Luteinizing hormone surge in normally ovulating women

21 01 2013

To the Editor:

After reading the article “Relationships between the luteinizing hormone surge and other characteristics of the menstrual cycle in normally ovulating women” (1), now including concurrent ultrasound data I would like to confirm once more hormonal findings published in Fertility and Sterility more than a decade ago (2). Unnoticed, Park et al. also described these LH patterns in your journal in 2007 (3).

I have reanalyzed the data published originally (2), according to the methods specified in the studies by Direito et al. and Park et al. (1, 3), and shown data from all three studies in Tables 1 and 2. The sum (25%) of what was first described as two peaks and a small peak (2) would be comparable herein to a double peak. Park et al. found a luteinizing hormone (LH) surge of rapid onset (within 1 day) in 42.9% of patients, and of gradual onset (in 2 to 6 days) in 57.1%, or 25.6% and 74.4% in 2 to 10 days, respectively. Overall, although in some cases there seemed to be a tendency, after analyzing three or more cycles from each woman, I did not clearly find repetition of the same type of LH profile within the same woman reported by Direito et al. Relating LH and Pregnanediol Glucuronide (PDG) profiles, a novel finding is that cases with double- and multiple-peaked LH surges associated significantly with transient rises in PDG before the definite rise (P<0.001, Chi test; PDG rise according to Park et al.).

Characteristics of cycles and LH surges

Table 1: Characteristics of cycles and LH surges (click inside table to enlarge)

Table 2:  Configuration of the LH surge (click inside table to enlarge)

Table 2: Configuration of the LH surge (click inside table to enlarge)

These three studies (1, 2, 3) have close results and show that LH surges in ovulatory pattern cycles are extremely variable in configuration, amplitude, and duration. All results were found in healthy, contraceptive-free, regularly cycling women and with proven fertility in my study (2). What has usually been considered a normal standard for the LH surge is only a mean profile. The serial ultrasound and hormonal findings described in the study by Direito et al. (1) give further insight into the spontaneous ovulation process, which needs further research.

María Elena Alliende, M.D., M.Sc.
Las Condes, Region Metropolitana, Chile

References

1. Direito A, Bailly S, Mariani A, Ecochard R. Relationships between the luteinizing hormone surge and other characteristics of the menstrual cycle in normally ovulating women. Fertil Steril 2012; 99:279-85.e3.

2. Alliende ME. Mean versus individual hormonal profiles in the menstrual cycle. Fertil Steril 2002; 78: 90-5.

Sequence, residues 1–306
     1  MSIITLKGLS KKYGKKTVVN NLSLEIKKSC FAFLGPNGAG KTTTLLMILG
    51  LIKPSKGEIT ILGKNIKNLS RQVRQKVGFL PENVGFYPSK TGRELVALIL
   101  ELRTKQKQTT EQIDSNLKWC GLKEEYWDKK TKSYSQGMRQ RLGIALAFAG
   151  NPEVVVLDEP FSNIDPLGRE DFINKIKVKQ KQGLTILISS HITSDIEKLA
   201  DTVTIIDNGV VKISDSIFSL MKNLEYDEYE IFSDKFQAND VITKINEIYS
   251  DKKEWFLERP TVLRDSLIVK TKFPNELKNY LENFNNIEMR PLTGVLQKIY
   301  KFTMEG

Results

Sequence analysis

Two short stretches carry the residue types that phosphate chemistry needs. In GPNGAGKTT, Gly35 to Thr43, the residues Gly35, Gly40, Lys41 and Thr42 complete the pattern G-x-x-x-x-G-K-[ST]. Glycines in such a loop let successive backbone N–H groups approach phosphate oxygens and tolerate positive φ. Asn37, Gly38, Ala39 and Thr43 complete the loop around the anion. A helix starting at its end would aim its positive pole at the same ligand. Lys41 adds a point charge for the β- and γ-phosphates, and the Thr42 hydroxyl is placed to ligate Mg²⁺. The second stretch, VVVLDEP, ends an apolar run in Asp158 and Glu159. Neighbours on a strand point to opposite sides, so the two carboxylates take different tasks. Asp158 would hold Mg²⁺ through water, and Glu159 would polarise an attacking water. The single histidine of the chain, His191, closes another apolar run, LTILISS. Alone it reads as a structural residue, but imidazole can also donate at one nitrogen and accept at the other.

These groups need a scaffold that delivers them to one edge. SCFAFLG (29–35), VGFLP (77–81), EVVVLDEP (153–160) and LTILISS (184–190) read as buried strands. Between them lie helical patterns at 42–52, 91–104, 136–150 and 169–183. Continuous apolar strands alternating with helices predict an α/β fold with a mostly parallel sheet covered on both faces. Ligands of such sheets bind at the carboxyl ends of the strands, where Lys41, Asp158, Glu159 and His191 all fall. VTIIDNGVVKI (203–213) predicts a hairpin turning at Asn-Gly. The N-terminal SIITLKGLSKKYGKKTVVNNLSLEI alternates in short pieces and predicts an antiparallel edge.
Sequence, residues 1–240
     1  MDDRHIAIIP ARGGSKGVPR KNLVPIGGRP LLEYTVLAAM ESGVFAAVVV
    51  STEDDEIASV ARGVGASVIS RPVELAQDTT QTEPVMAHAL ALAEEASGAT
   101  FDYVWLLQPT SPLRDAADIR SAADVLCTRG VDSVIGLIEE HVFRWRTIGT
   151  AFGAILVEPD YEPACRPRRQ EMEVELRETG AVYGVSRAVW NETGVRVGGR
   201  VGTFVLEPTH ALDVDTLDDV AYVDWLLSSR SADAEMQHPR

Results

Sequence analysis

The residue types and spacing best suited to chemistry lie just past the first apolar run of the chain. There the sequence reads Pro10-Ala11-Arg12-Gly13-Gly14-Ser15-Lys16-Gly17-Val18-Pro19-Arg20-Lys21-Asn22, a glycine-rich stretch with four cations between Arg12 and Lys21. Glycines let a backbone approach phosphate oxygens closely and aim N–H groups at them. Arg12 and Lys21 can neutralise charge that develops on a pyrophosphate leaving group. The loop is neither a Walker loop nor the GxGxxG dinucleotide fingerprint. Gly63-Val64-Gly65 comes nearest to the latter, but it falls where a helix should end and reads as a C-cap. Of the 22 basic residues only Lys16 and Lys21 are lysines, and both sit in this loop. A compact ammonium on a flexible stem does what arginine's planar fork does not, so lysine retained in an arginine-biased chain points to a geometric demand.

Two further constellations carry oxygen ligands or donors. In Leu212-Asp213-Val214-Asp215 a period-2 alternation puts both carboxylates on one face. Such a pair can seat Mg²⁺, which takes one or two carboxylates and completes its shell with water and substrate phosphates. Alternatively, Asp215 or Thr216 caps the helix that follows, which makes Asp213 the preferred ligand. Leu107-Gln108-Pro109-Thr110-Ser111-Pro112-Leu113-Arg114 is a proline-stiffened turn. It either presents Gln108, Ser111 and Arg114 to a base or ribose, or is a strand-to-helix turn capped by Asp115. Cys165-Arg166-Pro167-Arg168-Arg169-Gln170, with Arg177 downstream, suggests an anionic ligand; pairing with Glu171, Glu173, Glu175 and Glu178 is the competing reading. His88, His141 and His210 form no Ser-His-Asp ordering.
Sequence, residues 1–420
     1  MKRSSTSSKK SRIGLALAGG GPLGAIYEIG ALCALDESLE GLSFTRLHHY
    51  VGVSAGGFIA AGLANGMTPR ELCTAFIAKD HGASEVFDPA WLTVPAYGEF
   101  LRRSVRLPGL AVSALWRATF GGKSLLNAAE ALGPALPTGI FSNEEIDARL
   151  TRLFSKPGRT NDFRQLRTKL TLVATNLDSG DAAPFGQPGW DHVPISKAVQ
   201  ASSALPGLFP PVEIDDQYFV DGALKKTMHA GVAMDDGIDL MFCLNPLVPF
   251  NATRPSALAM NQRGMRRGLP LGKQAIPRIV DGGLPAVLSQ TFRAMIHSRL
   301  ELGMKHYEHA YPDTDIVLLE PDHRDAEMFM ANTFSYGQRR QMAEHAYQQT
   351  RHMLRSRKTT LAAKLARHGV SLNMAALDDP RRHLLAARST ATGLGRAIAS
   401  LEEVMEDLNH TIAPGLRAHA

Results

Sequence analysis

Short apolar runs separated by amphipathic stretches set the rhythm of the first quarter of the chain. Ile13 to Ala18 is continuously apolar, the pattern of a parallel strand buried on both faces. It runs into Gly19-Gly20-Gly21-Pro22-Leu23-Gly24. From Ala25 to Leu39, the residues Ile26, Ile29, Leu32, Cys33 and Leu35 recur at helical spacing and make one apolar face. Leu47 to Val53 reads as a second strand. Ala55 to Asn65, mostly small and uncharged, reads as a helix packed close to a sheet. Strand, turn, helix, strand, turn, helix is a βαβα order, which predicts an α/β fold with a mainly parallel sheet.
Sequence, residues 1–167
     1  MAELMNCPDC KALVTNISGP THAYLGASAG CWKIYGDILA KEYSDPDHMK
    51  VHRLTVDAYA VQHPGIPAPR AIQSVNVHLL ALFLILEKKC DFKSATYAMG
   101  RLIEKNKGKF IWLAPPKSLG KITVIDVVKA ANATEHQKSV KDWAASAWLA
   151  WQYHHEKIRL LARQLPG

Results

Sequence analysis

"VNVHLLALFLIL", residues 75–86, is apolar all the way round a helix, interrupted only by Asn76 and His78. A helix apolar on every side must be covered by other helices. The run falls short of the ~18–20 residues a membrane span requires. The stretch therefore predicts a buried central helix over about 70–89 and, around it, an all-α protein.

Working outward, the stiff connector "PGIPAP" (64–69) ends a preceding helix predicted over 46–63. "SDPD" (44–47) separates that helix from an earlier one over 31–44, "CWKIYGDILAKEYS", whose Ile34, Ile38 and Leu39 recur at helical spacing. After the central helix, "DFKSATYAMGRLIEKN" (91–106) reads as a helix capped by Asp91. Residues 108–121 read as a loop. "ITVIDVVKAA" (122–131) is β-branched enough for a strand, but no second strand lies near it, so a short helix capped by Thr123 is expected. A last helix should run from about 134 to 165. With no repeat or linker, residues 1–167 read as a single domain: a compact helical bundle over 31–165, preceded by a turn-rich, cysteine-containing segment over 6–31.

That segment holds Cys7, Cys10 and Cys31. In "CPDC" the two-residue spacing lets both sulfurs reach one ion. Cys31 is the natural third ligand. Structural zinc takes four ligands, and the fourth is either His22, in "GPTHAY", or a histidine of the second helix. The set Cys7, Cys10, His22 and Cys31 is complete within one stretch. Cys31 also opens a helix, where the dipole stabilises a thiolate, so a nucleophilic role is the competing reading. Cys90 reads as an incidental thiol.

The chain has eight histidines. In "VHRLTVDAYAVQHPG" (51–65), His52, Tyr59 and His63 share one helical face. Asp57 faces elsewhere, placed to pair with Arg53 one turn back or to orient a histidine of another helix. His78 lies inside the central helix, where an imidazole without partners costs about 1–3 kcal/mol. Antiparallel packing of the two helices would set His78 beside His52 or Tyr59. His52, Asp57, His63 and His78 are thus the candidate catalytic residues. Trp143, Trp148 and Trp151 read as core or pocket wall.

3. Park SJ, Goldsmith LT, Skurnick JH, Wojtczuk A, Weiss G. Characteristics of the urinary luteinizing hormone surge in young ovulatory women. Fertil Steril 2007; 88: 684-90.

Published online in Fertility and Sterility doi:10.1016/j.fertnstert.2013.01.122

The authors respond:

We thank Dr. Alliende for her interest in our recent article “Relationships between the luteinizing hormone surge and other characteristics of the menstrual cycle in normally ovulating women” (1).

In her letter, Dr. Alliende reanalyzes her previously published data (2) according to the methods used by Park et al. (3) and by our team, producing comparable results, and thus enhancing the generalizability of our work on the hormonal characteristics of the normal menstrual cycle to other populations.

In her letter Dr. Alliende did not find, contrary to our study, that luteinizing hormone (LH) surge characteristics remained consistent within subjects. This difference can be explained by our larger cohort, which may have allowed us to reach statistical significance, or to patient characteristics.

Finally Dr. Alliende reports evidence that double- and multiple-peaked LH surges associated significantly with transient rises in PDG before the definite rise. This interesting finding deserves to be confirmed by further investigation.
All this discussion emphasizes that more research will be required to fully understand the complex relationship between hormonal variability and the ovulatory process.

Ana Direito, M.D.
Service de Biostatistique, Hospices Civils de Lyon, Lyon, France

References

1. Direito A, Bailly S, Mariani A, Ecochard R. Relationships between the luteinizing hormone surge and other characteristics of the menstrual cycle in normally ovulating women. Fertil Steril 2012; 99:279-85.e3.

2. Alliende ME. Mean versus individual hormonal profiles in the menstrual cycle. Fertil Steril 2002;78:90-5.

3. Park SJ, Goldsmith LT, Skurnick JH, Wojtczuk A, Weiss G. Characteristics of the urinary luteinizing hormone surge in young ovulatory women. Fertil Steril 2007;88:684-90.

Published online in Fertility and Sterility doi:10.1016/j.fertnstert.2013.01.123

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